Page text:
Lighter, plusher, more refined—these six off-road ragers dazzled at our 2014 bike test.
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From the Toyota Tacoma of the mountain-bike world to the punked-out younger brother of the Surly Krampus, these six trusty steeds will get you off-road—and keep you there all day long.
Santa Cruz Bronson C XO-1 AM 27.5 ($6,305)
The Bronson, with its tweener 650B wheels, was that rare bike that didn’t just win over both 29er devotees and 26er zealots, but also made us forget about wheel size entirely. That’s because it’s laugh-out-loud fun to ride, especially on moto-style descents that beg for you to get those WTB Frequency wheels off the ground. It’s the prototypical enduro bike, with a short cockpit, de rigueur dropper seatpost, and slack geometry (67-degree head-tube angle). And yet the svelte, 27.5-pound build weight didn’t cramp our legs on climbs. As one tester summed it up: “I’d ride this bike anywhere, on any terrain—as long as there’s downhill.” 27.5 lbs.
Ellsworth Absolute Truth ($8,385, or $3,500 frame only)
Best for: Upgrading
Once known for painstakingly crafted aluminum bikes, Ellsworth has expanded into carbon in the past few years. In refashioning its Truth as a five-inch carbon-fiber trail ride with 27.5-inch wheels, the company held to its boutique heritage by using aerospace-grade materials. What hasn’t changed is Ellsworth’s ICT suspension—a four-bar linkage that provides some of the most efficient climbing performance of any design on the market, yet still feels plush in the rough. And while it pilots like a cross-country machine, especially with the flawless Shimano XTR group set and lightweight Kenda Slant 6 tires, it’s a bit heavy for racing. 25.3 lbs.
Surly Instigator 2.0 ($2,650)
Best for: Noncomformists
The Instigator is the punked-out younger brother of Surly’s 2013 hit, the Krampus. Like its sibling, this bike advances the idea of mid-fat tires, with house-made 2.75-inch Dirt Wizard rubber running on massive 50-millimeter rims for exceptional grip and the same effective rolling circumference as a 650B wheel. Coupled with the 5.5-inch Fox Float 32 fork, it behaves like a dirt jumper, bounding up scree-covered trails. “It’s more fun than jumping into a mosh pit,” one tester raved. It isn’t light, nor is it cheap for what you get, but you can’t put a price on fun. 32.1 lbs.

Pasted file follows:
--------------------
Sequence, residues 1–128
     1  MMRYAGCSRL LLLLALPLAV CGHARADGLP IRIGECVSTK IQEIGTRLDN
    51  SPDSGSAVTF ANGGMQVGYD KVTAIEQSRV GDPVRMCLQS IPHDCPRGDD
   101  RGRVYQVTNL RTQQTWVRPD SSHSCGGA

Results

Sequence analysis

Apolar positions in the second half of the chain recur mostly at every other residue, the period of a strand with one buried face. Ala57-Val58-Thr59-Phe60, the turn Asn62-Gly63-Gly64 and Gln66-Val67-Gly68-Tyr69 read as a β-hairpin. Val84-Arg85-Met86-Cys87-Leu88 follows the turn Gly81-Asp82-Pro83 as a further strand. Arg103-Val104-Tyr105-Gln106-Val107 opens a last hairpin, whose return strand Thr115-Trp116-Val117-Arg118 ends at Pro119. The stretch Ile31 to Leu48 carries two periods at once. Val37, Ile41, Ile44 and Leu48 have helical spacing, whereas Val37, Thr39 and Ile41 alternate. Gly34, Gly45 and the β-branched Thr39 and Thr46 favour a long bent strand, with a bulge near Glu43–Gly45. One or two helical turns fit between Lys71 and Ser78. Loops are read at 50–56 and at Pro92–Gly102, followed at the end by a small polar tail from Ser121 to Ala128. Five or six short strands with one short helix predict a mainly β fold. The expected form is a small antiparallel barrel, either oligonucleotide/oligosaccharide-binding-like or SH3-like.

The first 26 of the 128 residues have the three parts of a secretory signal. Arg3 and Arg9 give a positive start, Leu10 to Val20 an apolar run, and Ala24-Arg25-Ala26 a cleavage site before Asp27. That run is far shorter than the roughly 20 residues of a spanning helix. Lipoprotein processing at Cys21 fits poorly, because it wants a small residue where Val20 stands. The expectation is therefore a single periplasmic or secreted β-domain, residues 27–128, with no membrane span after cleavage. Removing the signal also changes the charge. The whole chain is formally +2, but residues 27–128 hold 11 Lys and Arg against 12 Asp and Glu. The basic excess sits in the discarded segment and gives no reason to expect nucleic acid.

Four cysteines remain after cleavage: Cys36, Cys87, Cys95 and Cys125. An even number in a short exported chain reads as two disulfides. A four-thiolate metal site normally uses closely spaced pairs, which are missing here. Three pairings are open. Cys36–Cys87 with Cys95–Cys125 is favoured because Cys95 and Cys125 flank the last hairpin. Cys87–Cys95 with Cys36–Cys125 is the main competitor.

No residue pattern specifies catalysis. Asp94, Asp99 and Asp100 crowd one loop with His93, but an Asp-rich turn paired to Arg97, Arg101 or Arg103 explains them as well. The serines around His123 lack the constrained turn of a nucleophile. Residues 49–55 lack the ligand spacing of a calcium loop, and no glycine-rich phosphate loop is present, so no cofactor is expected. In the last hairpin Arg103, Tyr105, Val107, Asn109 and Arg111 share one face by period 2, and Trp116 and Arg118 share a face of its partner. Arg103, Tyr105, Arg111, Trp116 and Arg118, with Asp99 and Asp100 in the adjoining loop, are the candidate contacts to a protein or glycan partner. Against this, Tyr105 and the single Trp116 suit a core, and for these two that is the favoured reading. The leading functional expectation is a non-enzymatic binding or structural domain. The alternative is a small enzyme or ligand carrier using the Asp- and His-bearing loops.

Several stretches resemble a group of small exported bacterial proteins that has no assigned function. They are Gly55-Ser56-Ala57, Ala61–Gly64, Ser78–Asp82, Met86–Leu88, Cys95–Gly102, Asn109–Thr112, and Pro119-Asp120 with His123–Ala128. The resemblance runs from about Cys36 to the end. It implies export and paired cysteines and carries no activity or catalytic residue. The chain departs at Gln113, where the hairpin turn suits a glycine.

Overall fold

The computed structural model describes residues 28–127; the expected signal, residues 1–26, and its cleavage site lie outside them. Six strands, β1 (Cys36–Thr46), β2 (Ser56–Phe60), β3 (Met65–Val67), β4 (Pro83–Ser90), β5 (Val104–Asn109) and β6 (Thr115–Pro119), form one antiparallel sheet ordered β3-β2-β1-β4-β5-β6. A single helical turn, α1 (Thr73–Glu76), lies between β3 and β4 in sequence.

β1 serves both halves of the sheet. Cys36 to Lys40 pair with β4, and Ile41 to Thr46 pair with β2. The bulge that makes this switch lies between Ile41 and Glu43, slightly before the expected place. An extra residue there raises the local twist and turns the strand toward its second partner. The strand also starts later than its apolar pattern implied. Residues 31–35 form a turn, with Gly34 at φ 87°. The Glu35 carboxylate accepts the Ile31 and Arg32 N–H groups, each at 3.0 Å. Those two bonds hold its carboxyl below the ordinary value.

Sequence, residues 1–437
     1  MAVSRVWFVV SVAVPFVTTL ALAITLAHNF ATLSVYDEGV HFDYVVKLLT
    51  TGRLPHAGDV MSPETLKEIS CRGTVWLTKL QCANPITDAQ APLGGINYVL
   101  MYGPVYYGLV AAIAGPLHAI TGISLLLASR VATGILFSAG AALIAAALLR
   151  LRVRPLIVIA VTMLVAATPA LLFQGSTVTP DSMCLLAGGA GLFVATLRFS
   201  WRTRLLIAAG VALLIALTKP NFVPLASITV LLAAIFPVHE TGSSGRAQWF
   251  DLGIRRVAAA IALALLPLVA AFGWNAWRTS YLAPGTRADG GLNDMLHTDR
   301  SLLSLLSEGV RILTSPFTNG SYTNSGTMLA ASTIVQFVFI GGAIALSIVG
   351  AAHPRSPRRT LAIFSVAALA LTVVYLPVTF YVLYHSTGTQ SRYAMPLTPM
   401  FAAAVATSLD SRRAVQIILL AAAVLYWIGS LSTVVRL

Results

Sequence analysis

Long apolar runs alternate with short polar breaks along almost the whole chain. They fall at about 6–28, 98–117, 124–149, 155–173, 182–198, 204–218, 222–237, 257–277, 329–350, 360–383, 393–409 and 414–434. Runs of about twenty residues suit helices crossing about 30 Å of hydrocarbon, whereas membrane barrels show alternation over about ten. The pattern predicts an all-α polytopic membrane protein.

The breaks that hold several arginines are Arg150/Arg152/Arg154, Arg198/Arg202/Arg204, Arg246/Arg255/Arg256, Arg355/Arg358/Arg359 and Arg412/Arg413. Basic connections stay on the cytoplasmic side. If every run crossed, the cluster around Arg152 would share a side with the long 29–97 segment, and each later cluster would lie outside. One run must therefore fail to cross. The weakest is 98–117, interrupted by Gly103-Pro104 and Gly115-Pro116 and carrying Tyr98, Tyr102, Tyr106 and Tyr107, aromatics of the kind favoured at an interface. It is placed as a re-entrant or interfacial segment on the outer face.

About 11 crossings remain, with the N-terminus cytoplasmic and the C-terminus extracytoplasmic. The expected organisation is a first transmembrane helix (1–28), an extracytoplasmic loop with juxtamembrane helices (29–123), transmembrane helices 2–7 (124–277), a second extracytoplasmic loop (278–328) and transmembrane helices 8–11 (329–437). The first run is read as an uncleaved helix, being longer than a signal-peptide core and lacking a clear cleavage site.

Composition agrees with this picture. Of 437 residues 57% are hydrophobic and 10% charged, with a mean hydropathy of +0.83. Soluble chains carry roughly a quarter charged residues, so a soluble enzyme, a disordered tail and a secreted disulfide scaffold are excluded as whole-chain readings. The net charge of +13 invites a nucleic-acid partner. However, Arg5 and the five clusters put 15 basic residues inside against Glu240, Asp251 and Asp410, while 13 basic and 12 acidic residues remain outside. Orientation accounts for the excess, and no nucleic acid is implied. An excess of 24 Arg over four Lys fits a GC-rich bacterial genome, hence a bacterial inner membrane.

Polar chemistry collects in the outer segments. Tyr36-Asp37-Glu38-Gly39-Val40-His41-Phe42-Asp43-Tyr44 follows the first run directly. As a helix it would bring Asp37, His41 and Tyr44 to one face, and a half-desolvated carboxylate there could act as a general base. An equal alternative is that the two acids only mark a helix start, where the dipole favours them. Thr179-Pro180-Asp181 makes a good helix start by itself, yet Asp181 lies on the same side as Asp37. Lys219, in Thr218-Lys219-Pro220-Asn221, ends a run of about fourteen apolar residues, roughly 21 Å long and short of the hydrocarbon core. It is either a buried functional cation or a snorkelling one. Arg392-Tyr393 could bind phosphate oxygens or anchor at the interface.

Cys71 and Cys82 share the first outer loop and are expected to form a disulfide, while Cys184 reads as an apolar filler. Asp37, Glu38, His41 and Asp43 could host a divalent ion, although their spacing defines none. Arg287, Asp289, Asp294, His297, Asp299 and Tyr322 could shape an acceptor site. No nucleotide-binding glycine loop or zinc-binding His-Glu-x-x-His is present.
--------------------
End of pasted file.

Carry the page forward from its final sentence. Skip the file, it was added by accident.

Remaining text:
Salsa Spearfish XX1 ($5,500)
Best for: Racers on a Budget
Long known for producing low-key, hard-riding, affordable bikes, Salsa jumped into the big leagues by licensing the Dave Weagle–designed Split Pivot rear suspension for the latest version of its Spearfish. So while this four-inch aluminum 29er shares its name with the original, it’s more supple and feels stiffer in the back end. It’s a catlike ride, sluicing through tight singletrack and pouncing around corners. The 11-gear XX1 drivetrain is optimal for racing speeds, and the ZTR Crest wheels are the ultimate workingman’s lightweight hoops. The Spearfish is pricey by Salsa standards, but it’s high value compared with its peers. 23.7 lbs.
Trek Fuel EX 9.7 29 ($4,200)
The Fuel EX 29 is the Toyota Tacoma of the mountain-bike world: tough, reliable, and reasonably sexy. This five-inch carbon steed (with an aluminum rear triangle) is every bit as lively as the 26-inch Fuel, the company’s bestseller for years. And thanks to the relaxed positioning and terrain-crushing wheels, it’s an even easier ride. “It’s not the lightest climber, and it’s no burly shredder,” said one tester, “yet it keeps up with both.” The Fuel also packs a ton of value, including Fox suspension in front and back and a mix of Shimano XT and SLX components throughout. Pity about the clunky Bontrager Duster wheels. 27.2 lbs.
Lenz Sport Mammoth ($4,900, or $2,350 frame only)
Best for: Rock Crawling
By the numbers, the Mammoth looks a lot like the Trek, with big wheels and five inches of travel. But this small-batch aluminum bike is a specialist. In spite of the comfortably slack 69-degree head-tube angle, it clambered monkey-like up the trickiest rock features on Tucson’s La Milagrosa Canyon and was pool-cue accurate on hardscrabble descents. However, the Mammoth wasn’t as comfy on fast, cruising terrain, where its high bottom bracket had some testers feeling tenuous. Our test bike was built with a mishmash of SRAM parts and an older Fox RP23 shock; owner Devin Lenz prefers to sell the Mammoth as a frame and shock alone, letting buyers customize to their needs. If it were us, we’d equip it with some burly parts to build the ultimate tech-sessioning machine. 28.6 lbs.